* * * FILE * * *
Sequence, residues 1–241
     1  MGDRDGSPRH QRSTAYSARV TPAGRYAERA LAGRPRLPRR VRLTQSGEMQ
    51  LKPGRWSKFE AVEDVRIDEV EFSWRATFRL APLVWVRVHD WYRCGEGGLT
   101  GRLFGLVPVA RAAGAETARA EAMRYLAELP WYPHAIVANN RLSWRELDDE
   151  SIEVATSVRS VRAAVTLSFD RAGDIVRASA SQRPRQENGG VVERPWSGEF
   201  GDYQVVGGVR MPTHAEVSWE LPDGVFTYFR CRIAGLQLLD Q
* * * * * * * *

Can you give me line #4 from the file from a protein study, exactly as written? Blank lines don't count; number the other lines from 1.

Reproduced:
   101  GRLFGLVPVA RAAGAETARA EAMRYLAELP WYPHAIVANN RLSWRELDDE